12687800_10102098041664731_6995669096094610871_n

 

Written by gerrycanavan

February 10, 2016 at 3:13 pm

Posted in Look at what I found on the Internet

Tagged with , , , , , , , , , , , , , , , , , , , , , , , , , , , , , , , , , , , , , , , , , , , , , , , , , , , , , , , , , , , , , , , , , , , , , , , , , , , , , , , , , , , , , , , , , , , , , , , , , , , , , , , , , , , , , , , , , , , , , , , , , , , , , , , , , , , , , , , , , , ,

Thnksgvn Links

with one comment

* Once again, this year as every year, we give thanks.

* CFP: SFRA 2016, in Liverpool, UK.

The first space age was about politics. The second space age was about science. The third space age is about money.

How to Read Žižek on the Refugee Crisis.

The basic dynamic here is that ostensibly left-wing parties have put the right wing in the driver’s seat and have no strategy other than to denounce the very right-wing racism that their preferred policies actually stoke. The refugee article aims to unmask a similar dynamic in more radical leftist circles. Among leftist commentators, academics, and online activists as well, there is an abdication of any responsible policy-making that takes actual-existing reality into account. In its place, we find only empty rhetoric aimed at guaranteeing the speaker’s ideological purity.

* xkcd has another supersize edition. Here’s what we know so far.

* Officially outsourcing all my political commentary to John Kasich.

* Some college activists think making the movement a nationally despised joke might be a tactical mistake, but opinions still differ.

* Meanwhile! Arrests Made After Protesters Destroy Part of City Christmas Tree.

Police killings since Ferguson, in one map.

The Statue of Liberty Was Originally a Muslim Woman.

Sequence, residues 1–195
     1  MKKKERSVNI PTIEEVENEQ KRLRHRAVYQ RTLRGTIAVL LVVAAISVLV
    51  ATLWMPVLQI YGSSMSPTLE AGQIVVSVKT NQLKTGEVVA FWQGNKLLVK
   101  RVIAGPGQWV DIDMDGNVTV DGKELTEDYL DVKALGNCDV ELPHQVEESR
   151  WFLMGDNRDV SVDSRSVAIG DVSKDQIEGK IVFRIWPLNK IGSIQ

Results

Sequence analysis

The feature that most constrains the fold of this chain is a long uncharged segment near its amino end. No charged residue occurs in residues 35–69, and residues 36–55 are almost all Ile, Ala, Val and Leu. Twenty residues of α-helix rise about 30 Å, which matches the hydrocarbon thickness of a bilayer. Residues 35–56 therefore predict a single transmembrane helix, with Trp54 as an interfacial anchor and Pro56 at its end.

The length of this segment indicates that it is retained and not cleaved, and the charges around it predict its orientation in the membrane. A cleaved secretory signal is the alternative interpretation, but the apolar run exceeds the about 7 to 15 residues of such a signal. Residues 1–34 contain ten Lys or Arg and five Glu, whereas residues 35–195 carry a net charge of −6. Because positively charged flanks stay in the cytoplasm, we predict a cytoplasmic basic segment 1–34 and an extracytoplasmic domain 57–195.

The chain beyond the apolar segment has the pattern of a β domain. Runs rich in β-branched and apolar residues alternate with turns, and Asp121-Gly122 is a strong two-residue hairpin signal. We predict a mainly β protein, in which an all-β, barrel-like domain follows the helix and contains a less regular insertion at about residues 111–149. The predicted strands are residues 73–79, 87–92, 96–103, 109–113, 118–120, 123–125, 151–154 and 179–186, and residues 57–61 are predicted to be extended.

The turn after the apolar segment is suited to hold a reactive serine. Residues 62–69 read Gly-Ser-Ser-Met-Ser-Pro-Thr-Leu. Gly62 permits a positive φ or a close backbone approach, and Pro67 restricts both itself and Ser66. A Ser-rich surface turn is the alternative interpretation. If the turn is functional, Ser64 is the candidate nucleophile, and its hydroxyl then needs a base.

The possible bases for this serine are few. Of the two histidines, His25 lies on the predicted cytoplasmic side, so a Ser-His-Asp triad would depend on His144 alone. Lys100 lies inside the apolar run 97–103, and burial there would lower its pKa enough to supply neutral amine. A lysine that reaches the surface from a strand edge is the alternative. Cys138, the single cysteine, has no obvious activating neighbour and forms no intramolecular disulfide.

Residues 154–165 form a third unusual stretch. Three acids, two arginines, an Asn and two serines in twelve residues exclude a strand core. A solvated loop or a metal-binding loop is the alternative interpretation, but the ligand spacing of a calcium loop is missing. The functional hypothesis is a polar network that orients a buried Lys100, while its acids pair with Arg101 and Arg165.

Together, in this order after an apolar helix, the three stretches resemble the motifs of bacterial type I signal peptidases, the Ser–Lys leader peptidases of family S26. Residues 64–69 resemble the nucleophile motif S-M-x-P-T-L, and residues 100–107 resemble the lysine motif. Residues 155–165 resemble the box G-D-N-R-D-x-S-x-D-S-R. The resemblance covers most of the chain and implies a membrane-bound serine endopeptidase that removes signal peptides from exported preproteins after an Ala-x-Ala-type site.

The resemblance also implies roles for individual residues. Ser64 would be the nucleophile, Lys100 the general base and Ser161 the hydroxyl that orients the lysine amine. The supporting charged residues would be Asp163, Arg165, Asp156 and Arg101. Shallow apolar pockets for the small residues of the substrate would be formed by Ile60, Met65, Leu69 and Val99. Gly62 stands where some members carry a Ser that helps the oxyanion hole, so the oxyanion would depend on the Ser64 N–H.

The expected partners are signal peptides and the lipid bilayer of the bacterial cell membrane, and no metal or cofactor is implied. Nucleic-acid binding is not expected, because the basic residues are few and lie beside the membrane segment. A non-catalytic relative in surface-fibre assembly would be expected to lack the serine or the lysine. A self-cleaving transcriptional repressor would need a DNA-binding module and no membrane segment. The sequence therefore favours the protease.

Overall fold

* Teach the controversy: Life on Mars was ‘destroyed by nuclear attack’, says physicist – and we could be next.

Baba Yaga’s Guide To Feminism.

* The Fragile Framework: Can Nations Unite to Save Earth’s Climate? Spoiler alert: I have some terrible news.

* Disability and science fiction fandom.

Jessica Jones is a Primer on Gaslighting, and How to Protect Yourself Against It. How Jessica JonesAbsorbed the Anxieties of Gamergate.

Internet trolls have learned to exploit our over-militarized police. It’s a crime that’s hard to stop — and hard to prosecute.

Kinsey Was Wrong: Sexuality Isn’t Fluid.

* How Chicago Tries to Cover Up a Police Execution.

* Against Ta-Nehisi Coates?

In a Crazy Turn of Events, Viral Sensation “Phuc Dat Bich” Says It Was All a Hoax. Is nothing sacred?

* Neil Blomkamp wants to fix the biggest mistake in the Aliens franchise: the death of Newt.

* The law, in its majestic equality, permits rich and poor alike to sleep outside.

Every Hint and Clue Hidden in the Captain America: Civil War Trailer.

* And today in data visualization: The Magnificent Bears of the Glorious Nation of Finland.

Karhukartta_makijarvi_w-455x650

What Day Is It? Links

leave a comment »

* Jaimee’s book was reviewed in the Milwaukee Journal-Sentinel last week. We spent the weekend in DC for her book launch and reading at the Folger, which was amazing. She just absolutely killed it. Buy her book! And come to her reading in Milwaukee next week…